KUWAIT CITY (AP) -- U.N.-brokered talks aimed at ending Yemen's civil war resumed in Kuwait on Wednesday.
U.N. envoy Ismail Ould Cheikh Ahmed said on Twitter the talks began after all sides in the conflict agreed to form a committee to look into what happened in the governorate of Amran, which reportedly came under attack by Yemen's Shiite rebels. That attack had halted earlier talks in Kuwait City.
U.N. spokesman Stephane Dujarric later said that at Wednesday's plenary discussion, the Yemeni parties agreed on the creation of three committees - on political matters, military and security issues, and dealings with prisoners. He said the parties planned to continue discussions into the evening.
Yemen's internationally recognized government, backed by a Saudi-led military coalition, is fighting the rebels, known as Houthis, who seized the capital, Sanaa, in September 2014. The Saudi-led forces entered the conflict in March 2015.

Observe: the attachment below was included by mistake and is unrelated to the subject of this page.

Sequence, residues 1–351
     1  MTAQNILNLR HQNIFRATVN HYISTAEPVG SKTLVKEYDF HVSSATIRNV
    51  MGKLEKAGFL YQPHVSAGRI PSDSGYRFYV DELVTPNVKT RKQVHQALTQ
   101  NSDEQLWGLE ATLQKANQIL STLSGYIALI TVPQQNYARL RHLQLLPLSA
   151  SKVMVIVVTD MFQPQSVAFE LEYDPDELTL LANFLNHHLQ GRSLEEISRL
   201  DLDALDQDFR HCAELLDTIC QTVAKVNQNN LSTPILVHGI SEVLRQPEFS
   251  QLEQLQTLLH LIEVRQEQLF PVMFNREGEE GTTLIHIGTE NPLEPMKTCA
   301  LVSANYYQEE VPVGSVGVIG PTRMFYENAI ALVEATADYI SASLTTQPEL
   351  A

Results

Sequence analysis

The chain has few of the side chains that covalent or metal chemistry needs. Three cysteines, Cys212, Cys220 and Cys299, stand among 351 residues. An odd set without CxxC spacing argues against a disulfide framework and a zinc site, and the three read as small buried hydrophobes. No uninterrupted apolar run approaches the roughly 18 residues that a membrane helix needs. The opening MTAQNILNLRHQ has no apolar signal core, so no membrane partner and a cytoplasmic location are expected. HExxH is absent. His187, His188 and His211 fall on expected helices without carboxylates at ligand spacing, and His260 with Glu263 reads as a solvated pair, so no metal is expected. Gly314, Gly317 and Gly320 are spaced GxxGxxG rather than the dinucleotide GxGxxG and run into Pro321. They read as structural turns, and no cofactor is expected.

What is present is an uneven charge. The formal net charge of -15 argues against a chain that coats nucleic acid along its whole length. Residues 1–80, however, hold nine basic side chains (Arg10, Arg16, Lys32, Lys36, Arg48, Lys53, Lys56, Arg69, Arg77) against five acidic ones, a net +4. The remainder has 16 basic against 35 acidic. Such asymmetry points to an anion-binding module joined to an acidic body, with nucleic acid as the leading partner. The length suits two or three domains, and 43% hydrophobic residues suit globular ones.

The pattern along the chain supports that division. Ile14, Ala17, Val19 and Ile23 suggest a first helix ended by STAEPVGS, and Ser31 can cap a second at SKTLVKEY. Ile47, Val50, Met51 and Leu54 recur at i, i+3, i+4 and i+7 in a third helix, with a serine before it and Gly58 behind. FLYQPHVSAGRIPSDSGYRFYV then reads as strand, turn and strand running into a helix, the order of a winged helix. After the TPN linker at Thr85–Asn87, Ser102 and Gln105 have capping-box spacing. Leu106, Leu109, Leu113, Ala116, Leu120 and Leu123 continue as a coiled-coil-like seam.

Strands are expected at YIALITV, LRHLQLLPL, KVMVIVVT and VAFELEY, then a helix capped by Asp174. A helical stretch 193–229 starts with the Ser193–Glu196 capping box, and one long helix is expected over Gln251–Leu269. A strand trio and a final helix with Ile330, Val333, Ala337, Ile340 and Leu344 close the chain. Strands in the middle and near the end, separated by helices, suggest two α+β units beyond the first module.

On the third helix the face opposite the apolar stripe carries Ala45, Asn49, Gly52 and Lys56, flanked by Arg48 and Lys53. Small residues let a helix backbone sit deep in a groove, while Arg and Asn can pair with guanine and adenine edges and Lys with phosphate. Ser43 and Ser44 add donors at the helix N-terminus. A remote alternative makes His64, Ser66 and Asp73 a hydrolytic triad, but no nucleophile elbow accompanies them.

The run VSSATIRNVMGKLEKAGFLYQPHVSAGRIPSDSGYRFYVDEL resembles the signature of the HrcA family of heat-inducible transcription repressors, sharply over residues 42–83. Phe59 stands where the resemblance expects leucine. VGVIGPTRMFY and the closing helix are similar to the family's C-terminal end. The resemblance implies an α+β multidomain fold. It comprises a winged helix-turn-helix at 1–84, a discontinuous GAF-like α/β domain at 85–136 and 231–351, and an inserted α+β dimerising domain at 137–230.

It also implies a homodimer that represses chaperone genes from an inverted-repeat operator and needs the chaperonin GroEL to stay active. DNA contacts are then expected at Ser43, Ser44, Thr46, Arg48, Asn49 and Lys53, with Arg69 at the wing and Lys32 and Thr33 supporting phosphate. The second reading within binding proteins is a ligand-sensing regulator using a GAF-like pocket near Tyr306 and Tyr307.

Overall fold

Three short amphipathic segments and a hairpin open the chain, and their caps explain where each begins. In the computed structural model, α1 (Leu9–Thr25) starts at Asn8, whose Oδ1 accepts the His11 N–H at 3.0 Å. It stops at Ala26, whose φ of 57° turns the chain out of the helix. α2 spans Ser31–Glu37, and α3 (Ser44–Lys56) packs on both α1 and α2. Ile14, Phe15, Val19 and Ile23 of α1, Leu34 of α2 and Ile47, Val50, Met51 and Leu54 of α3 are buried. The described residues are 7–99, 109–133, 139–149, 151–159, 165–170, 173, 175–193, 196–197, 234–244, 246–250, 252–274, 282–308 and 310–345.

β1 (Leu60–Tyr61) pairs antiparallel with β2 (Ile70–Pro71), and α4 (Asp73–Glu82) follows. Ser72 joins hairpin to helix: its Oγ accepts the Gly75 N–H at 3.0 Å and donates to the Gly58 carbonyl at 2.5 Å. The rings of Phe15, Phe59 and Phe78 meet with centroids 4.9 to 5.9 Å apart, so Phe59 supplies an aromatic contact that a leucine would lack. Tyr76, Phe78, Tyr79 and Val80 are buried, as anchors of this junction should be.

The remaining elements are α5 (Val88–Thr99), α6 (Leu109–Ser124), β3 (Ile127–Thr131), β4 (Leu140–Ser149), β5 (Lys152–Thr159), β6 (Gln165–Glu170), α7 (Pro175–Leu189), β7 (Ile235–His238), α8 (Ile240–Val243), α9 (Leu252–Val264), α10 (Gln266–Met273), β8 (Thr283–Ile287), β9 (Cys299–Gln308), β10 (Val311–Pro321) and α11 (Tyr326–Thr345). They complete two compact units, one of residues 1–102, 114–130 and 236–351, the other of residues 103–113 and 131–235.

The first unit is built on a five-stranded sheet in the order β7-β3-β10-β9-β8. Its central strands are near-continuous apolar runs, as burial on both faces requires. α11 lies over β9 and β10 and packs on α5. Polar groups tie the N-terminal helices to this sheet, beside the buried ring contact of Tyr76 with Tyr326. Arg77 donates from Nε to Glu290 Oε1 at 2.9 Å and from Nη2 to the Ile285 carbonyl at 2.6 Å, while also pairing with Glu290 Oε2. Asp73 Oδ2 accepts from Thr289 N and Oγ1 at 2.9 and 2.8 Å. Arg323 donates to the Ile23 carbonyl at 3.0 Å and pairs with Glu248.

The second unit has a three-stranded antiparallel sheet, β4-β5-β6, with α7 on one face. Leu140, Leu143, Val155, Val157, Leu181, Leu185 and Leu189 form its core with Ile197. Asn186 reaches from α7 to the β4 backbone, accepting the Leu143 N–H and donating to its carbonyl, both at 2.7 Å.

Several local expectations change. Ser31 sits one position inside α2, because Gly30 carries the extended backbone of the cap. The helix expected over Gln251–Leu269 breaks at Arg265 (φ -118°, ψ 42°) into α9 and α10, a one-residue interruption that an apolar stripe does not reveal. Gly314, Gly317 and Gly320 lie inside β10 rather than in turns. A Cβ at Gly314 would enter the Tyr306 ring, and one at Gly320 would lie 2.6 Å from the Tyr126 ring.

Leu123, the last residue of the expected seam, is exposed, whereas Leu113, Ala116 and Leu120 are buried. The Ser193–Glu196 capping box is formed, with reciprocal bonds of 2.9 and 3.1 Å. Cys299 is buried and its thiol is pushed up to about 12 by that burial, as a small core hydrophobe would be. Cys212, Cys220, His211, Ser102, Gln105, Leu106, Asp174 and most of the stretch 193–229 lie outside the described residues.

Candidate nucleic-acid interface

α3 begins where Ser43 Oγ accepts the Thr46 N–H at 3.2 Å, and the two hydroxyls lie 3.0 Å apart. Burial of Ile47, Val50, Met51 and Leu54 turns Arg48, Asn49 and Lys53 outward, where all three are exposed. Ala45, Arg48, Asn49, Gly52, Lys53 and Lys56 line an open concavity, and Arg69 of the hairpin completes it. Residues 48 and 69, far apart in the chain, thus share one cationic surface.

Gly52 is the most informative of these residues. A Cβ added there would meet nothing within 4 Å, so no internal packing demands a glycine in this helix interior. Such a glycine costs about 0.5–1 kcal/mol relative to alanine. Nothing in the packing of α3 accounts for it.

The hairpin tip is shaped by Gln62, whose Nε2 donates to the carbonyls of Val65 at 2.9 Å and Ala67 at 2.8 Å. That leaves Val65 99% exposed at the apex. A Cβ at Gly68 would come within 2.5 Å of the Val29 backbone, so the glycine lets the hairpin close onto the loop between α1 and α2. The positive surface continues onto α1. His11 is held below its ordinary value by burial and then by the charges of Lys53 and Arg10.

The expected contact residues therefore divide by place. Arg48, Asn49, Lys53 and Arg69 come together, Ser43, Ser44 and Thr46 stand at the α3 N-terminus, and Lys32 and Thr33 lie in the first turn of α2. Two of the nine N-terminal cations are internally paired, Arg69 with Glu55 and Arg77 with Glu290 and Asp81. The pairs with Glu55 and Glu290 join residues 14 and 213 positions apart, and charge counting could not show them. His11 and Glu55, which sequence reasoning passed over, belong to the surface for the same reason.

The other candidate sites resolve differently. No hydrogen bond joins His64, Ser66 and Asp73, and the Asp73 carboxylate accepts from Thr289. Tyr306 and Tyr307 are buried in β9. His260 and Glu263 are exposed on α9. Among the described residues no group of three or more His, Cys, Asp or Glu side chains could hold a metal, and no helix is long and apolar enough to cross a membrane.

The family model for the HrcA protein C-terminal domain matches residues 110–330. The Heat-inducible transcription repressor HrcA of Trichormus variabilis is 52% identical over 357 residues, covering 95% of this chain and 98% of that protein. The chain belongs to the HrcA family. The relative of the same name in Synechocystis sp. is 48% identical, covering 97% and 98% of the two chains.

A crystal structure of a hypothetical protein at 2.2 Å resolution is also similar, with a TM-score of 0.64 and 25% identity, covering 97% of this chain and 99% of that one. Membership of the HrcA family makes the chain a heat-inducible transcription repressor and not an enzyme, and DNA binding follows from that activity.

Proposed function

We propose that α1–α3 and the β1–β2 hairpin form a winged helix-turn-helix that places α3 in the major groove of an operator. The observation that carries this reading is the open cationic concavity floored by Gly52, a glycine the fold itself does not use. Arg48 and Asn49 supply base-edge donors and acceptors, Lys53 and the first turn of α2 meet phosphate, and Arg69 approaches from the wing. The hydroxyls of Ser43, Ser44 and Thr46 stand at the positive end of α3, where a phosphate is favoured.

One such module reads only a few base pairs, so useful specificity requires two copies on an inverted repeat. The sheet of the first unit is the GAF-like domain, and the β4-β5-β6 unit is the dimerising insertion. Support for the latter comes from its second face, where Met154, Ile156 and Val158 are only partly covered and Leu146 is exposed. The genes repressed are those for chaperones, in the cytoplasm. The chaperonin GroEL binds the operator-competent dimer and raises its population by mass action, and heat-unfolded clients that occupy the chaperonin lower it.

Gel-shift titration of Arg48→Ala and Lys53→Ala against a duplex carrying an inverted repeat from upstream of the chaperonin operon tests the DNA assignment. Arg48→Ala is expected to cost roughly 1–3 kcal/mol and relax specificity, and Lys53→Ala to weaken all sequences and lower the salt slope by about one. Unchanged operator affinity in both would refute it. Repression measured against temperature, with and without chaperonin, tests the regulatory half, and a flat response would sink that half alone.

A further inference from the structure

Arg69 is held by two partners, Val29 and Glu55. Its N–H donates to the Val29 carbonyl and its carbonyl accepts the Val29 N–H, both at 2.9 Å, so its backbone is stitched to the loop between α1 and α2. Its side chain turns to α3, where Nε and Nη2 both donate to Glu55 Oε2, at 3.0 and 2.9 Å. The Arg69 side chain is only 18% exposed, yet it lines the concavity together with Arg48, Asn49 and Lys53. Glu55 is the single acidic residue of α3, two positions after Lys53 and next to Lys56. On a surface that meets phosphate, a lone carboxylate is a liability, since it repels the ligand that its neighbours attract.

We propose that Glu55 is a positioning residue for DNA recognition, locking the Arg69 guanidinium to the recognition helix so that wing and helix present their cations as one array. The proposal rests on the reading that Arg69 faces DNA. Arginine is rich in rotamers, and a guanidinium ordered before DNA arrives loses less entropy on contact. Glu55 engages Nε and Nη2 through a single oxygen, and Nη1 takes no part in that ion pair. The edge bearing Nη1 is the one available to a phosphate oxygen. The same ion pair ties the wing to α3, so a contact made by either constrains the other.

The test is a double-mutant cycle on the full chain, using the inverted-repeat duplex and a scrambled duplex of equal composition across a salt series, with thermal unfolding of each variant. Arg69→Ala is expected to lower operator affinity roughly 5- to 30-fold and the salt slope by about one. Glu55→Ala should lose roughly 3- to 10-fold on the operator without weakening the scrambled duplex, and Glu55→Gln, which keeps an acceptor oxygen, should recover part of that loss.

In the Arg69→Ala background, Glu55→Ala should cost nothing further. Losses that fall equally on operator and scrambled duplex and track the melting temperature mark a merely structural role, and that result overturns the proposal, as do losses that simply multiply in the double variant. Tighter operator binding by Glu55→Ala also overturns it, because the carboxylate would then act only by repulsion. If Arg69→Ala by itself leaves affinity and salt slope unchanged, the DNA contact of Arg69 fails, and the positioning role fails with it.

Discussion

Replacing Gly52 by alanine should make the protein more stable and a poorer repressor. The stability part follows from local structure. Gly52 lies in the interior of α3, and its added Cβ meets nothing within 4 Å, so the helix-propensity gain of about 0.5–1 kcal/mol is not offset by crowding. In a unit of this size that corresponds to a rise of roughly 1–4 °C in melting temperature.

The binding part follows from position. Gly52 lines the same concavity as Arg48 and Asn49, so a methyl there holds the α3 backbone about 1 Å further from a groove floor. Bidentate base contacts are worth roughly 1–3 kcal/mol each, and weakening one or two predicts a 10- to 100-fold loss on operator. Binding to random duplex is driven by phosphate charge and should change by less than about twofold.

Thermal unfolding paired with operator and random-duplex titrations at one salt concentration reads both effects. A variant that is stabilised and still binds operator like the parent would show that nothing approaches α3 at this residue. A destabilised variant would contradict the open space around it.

In over a year since the Saudi intervention, U.N. figures say the war has killed nearly 9,000 people - a third of them civilians. Airstrikes account for 60 percent of the civilians killed in the conflict, according the United Nations, which has criticized the Saudi-led coalition's strikes on markets, clinics and hospitals.
The war has devastated Yemen, the Arab world's poorest country, with many unable to access hospitals, schools or electricity. More than 14 million Yemenis lack access to sufficient food, and some 2.4 million people have been displaced.
Late Tuesday, the U.N. welcomed the start of its program to screen sea shipments coming to Yemeni ports not controlled by the government. It said that will speed the arrival of food and other supplies while stopping illegal weapons shipments.